23

Ask a station attendant (if there are any) or one or more people waiting.


22

You get an Oyster card from the machine at a tube station. As for the refund Oyster Card Refunds The £5 deposit you pay for an Oyster card is refundable along with any pre-pay (Pay as you go) money left on the card. Before you claim a refund, it’s worth bearing in mind that if you’ve used your Oyster card on a Pay as you go basis and it’s ...


21

If you try and use the contactless Oyster twice in a row (ie to let a second person through on your card) for a trip from A to B, it'll error. You're required to touch out first before you can touch in again, and then the first person wouldn't be allowed to travel as they've touched out at A. Source: TFL official site: Number of people using an Oyster ...


20

My intuition as a Londoner was that this was absolutely fine, but then I had a moment of self-doubt and worried that maybe I'd been being rude in not talking much to cabbies all these years. So I sought out this ethnographic study of cab drivers: Inside the Mind of a Cabbie (RSA) and that has confirmed my impression that the time and space are basically ...


19

The terminology does get confusing. Basically, you have an Oyster card with: A "7-day Zone 1 & 2 Travelcard" on it. This gives you free travel within Zones 1 & 2 for 7 days. It is worth £33 and it will... ...let you travel as often as you like on bus, Tube, tram, DLR, London Overground and National Rail services within the London travel zones [in ...


18

One of the issues that could be encountered when using Apple Pay or Google Wallet for your contactless travel is when your device runs out of battery after you've started a journey - you will not be able to "tap out" and then will be charged the full penalty fare. Most devices with contactless payment are still relatively new, but we all know that with time,...


18

Here is a Freedom of Information request where someone asked that. The response they got from Transport for London included: By way of an example, for a through journey from East Croydon (zone 5) to Hatch End (zone 6) – a Z1-6 journey - with a zone 1-2 Travelcard, the relevant extension fare is through Z3-6 (£3.50 undiscounted Adult Peak – see ...


17

Getting to and from Heathrow By train The Heathrow Connect and Heathrow Express services will operate as usual. Neither do usually accept Oyster cards, but it might be worth checking on the day. They both terminate at Paddington station; the Connect stops at several stations along the way. Travellers could get the Connect to Hayes and Harlington, then ...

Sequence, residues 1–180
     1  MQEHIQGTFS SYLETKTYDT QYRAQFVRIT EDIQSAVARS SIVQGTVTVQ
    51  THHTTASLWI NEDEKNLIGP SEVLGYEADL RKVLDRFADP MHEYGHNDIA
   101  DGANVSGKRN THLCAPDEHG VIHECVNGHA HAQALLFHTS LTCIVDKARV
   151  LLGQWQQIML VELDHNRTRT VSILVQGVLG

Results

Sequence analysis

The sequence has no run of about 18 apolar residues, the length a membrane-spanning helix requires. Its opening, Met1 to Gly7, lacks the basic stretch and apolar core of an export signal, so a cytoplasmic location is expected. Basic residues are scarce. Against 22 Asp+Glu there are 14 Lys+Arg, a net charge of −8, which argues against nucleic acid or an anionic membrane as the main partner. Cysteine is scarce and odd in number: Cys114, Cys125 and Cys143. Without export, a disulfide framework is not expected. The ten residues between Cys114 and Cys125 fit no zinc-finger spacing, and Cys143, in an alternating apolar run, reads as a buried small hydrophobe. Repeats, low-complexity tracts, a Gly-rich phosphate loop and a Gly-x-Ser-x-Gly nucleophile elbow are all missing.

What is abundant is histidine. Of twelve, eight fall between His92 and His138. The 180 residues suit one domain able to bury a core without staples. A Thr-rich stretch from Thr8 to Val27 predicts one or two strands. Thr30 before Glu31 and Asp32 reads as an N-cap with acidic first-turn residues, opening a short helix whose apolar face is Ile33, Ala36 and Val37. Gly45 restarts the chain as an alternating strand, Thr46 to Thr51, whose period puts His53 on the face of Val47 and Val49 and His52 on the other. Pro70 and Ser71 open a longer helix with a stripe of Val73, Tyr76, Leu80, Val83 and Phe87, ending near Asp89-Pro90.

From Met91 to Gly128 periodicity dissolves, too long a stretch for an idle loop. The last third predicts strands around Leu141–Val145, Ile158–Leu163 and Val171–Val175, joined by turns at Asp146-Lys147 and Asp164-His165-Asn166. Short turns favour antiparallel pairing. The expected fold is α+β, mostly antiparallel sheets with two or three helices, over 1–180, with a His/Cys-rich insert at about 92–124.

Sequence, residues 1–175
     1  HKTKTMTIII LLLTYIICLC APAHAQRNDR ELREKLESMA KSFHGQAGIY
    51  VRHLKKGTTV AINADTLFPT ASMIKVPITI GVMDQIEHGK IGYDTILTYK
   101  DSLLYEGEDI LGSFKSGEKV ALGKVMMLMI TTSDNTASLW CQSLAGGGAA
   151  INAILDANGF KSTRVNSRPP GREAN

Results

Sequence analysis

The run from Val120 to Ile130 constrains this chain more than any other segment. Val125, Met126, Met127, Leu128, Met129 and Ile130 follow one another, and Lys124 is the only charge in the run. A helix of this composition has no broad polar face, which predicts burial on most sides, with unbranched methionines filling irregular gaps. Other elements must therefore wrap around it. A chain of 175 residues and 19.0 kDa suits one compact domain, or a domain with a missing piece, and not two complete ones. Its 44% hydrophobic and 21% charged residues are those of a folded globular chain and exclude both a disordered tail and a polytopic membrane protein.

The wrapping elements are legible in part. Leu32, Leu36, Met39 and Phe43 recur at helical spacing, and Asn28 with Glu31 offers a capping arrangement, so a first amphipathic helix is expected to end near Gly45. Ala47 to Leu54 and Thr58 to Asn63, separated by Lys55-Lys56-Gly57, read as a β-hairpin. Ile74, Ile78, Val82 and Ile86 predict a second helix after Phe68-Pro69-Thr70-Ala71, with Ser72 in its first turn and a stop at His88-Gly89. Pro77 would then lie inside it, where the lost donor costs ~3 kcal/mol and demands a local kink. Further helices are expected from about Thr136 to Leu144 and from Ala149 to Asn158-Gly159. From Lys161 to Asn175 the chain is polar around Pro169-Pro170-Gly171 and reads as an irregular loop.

17

Your assumption that TfL and SWT are working together is wrong - at least so far as fare setting goes. And there are in fact four different fares available to you - although only the first two involve a reasonable journey; the two more expensive ones will be slower than at least one of the cheaper options. State owned TfL in agreement with the Mayor sets ...


17

The Piccadilly Line does not normally serve these stations (Ravenscourt Park, Stamford Brook, Turnham Green (except as indicated) and Chiswick Park)), and I cannot find any westbound weekend early morning services that are scheduled to do on the Piccadilly Line working timetable. Between these stations, the District and Piccadilly lines run on separate ...


16

One Person per Journey for all Contactless Methods To add on to @MarkMayo's answer, the same rules apply for payment across all contactless methods (Oyster and Contactless-card): you can pay for only one person per journey with contactless methods. Quoting from TFL's website on the topic: Touching in and out [...] Like Oyster, you can only pay ...


16

I phoned TfL to find the answer to this. It's simple and straightforward: The rate depends on when you touch in. Peak fares apply from 06:30 to 09:29 and from 16:00 to 18:59 Monday to Friday (excluding public holidays). Off-peak fares apply at all other times. That is, if you touch in during those two three-hour periods, you will be charged the peak fare. ...


16

What you want here is the Avoiding stairs Tube guide, linked from the TfL Accessibility guides page. In this guide you will see that all the Heathrow stations, as well as King’s Cross St. Pancras, are marked with Lift access between street and platform, and additionally all have the Platforms with designated level access boarding point indication, which ...


16

Oyster and Visitor Oyster are more alike than they are different. They are both stored-value cards that deduct the price of trips as you make them, up to a daily cap. Journey prices and coverage are the same for both variants. Each kind of card can be topped up with cash or credit at machines found all over the system, if you find yourself using more than ...


15

I strongly recommend the "Airline" bus service over the train. I live in Oxford and fly from Heathrow several times a year: I always use the bus and wouldn't even consider the train. It's cheaper: about £30 vs about £40 for a one-month return. It's faster: about 75-90 minutes for the bus, vs 100-150 minutes for the train via London. It runs 24 hours, though ...